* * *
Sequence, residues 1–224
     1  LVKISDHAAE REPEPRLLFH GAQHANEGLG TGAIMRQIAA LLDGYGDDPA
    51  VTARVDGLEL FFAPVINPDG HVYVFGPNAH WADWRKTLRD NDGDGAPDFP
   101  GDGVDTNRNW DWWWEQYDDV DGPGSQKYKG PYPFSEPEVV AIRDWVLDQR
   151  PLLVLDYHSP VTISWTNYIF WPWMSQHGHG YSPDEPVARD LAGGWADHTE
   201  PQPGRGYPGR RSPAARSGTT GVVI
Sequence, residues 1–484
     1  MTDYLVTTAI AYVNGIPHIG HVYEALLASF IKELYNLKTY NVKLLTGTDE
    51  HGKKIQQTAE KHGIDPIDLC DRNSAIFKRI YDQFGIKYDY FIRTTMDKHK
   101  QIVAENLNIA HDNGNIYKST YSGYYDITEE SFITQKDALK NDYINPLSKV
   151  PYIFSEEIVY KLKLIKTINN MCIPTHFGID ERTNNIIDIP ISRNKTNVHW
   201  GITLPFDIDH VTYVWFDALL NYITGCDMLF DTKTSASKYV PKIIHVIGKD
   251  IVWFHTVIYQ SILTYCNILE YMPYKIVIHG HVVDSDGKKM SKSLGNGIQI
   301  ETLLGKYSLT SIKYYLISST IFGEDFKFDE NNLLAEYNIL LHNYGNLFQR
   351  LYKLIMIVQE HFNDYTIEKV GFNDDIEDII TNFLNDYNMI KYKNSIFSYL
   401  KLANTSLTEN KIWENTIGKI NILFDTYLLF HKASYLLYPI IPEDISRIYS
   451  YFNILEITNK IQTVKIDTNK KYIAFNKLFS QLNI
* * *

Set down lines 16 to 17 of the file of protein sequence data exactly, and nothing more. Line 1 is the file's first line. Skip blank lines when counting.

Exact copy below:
   401  KLANTSLTEN KIWENTIGKI NILFDTYLLF HKASYLLYPI IPEDISRIYS
   451  YFNILEITNK IQTVKIDTNK KYIAFNKLFS QLNI